There isn't really much of a write-up that needs to be done this year for the Baseball Bloggers Alliance Walter Johnson Award (the Alliance's equivalent of Major League Baseball's Cy Young award).
Justin Verlander's (24-5 W/L, 251 IP, 250 K, 57 BB, 24 HR, 2.40 ERA, 0.92 WHIP) sabermetric numbers were as dominant as his real life numbers. While Fangraphs actually has CC Sabathia a whisker ahead of Verlander in WAR, Verlander is dominant across the board in nearly every traditional and sabermetric category there is. Verlander will even make the wins = Cy Young crowd happy this year; his 24 wins are the most in the Majors since Randy Johnson in 2002 and the most by an American League pitcher since Bob Welch put up 27 in 1990.
CC Sabathia (19-8 W/L, 237 1/3 IP, 230 K, 61 BB, 17 HR, 3.00 ERA, 1.23 WHIP) was maligned last year by the sabermetrics community, so it's funny that they haven't rushed to sing his praises this year. The K/9 was up while the HR/9 and BB/9 were down. I don't think he did quite enough to surpass Verlander, but to me CC was clearly the #2 choice in the A.L. this year.
For the second year in a row, Jered Weaver (18-8 W/L, 235 2/3 IP, 198 K, 56 BB, 20 HR, 2.41 ERA, 1.01 WHIP) put up a phenomenal ERA/WHIP even though his interior numbers weren't quite up to snuff. Weaver has outperformed his xFIP five of the six years he's been in the Majors, so at some point you have to wonder if there's something he's doing that allows him to defy expectations. I'm comfortable with Weaver in third place this year, though. He was better than the pitchers below but not quite as solid as Verlander or CC.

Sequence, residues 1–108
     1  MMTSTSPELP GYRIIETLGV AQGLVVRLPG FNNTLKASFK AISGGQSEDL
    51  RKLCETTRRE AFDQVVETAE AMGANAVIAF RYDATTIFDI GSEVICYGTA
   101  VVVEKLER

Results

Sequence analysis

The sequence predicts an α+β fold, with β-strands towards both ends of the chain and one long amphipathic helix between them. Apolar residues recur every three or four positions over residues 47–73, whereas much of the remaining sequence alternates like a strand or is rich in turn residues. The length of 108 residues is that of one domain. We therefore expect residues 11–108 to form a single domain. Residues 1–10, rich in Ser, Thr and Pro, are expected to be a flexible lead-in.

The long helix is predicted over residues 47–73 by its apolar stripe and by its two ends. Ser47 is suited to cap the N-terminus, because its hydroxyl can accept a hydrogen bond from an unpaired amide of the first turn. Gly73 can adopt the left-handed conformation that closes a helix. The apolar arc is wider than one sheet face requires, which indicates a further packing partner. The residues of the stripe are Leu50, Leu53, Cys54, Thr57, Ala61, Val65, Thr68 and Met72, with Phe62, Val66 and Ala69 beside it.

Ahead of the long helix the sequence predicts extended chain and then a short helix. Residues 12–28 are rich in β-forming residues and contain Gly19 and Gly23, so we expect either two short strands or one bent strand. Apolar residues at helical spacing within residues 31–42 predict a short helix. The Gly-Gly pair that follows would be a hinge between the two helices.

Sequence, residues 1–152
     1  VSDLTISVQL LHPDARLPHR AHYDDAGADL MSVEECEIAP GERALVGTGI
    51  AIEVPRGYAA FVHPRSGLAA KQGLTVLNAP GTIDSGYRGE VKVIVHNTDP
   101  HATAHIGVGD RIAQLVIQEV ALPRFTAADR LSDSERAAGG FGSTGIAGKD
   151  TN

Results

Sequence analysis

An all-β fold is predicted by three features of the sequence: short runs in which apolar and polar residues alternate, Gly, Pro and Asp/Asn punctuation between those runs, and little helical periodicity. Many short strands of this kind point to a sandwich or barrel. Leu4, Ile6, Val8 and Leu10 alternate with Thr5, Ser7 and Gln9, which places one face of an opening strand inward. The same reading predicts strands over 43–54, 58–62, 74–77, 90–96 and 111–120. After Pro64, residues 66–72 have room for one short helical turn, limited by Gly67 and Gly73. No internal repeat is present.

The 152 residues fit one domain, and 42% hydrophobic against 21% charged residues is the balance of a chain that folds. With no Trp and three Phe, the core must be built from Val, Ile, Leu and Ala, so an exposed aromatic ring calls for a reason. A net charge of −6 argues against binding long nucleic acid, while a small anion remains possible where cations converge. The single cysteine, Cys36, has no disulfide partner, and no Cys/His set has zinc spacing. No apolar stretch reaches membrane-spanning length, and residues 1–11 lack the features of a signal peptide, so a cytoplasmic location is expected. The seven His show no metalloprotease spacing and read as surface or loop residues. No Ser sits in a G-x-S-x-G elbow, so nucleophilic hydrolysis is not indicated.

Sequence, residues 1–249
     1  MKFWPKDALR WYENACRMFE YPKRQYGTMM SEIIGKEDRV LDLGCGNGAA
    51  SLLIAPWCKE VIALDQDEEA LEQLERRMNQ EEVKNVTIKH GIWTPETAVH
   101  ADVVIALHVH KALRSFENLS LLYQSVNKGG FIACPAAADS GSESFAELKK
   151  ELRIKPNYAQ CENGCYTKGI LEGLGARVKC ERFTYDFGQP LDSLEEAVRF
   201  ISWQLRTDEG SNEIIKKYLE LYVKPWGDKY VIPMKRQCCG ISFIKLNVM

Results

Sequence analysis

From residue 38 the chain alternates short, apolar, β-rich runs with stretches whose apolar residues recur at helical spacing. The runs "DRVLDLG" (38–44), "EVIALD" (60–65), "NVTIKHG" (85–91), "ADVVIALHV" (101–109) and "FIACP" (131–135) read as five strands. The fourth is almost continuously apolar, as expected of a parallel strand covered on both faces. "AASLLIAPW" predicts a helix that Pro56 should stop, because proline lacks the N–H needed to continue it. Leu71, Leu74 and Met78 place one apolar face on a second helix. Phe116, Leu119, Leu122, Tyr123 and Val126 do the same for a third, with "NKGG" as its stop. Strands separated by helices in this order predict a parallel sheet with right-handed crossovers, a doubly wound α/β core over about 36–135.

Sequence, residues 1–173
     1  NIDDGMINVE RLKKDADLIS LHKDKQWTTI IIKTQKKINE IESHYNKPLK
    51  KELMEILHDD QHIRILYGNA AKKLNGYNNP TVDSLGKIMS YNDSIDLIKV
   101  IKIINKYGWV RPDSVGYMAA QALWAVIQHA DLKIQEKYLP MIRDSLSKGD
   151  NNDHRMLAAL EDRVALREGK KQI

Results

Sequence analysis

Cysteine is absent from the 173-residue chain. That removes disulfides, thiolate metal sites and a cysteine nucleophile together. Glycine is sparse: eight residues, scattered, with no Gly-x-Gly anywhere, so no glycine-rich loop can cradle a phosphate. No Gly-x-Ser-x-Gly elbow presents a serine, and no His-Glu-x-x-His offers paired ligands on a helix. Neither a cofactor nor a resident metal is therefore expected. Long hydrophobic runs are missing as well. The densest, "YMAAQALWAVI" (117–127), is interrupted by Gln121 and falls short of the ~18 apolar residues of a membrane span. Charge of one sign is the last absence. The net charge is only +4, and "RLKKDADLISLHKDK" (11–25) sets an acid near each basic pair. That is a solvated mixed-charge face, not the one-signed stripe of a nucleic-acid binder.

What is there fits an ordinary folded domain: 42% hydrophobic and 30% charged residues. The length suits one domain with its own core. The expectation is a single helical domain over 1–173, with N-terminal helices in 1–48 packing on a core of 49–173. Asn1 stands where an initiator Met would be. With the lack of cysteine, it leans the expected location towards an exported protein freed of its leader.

I spent more time going back and forth on my last two picks for this award than I did on the top three pitchers. After looking at the numbers, I came down to three pitchers for the final two spots on my ballot.
Doug Fister (11-13 W/L, 216 1/3 IP, 146 K, 37 BB, 11 HR, 2.83 ERA, 1.063 WHIP)
James Shields (16-12 W/L, 249 1/3 IP, 225 K, 65 BB, 26 HR, 2.82 ERA, 1.043 WHIP)
C.J. Wilson (16-7 W/L, 223 1/3 IP, 206 K, 74 BB, 16 HR, 2.94 ERA, 1.187 WHIP)
I didn't think it was an easy call, but I decided to go with Shields and Wilson with the last two spots on my ballot. Shields was the first pitcher to throw 11 complete games since Randy Johnson in 1999. Shields averaged 7.56 innings per start; not only were his numbers valuable but he added value by allowing Joe Maddon to keep the pen fresh. Wilson's adjusted ERA was third in the American League at 152. It's hard to believe looking at that final line, but Wilson suffered from pitching in the toughest ballpark in the Majors. He gets a little extra credit for that. Fister just misses out for a few reasons. He benefited from favorable home venues (Detroit and Seattle) and had to rely more on his defense than CJ and Shields did. I'd have no problem if someone put Fister in his top five, but for me he just missed the cut.
My ballot: 1) Verlander, 2) Sabathia, 3) Weaver, 4) Shields, 5) Wilson.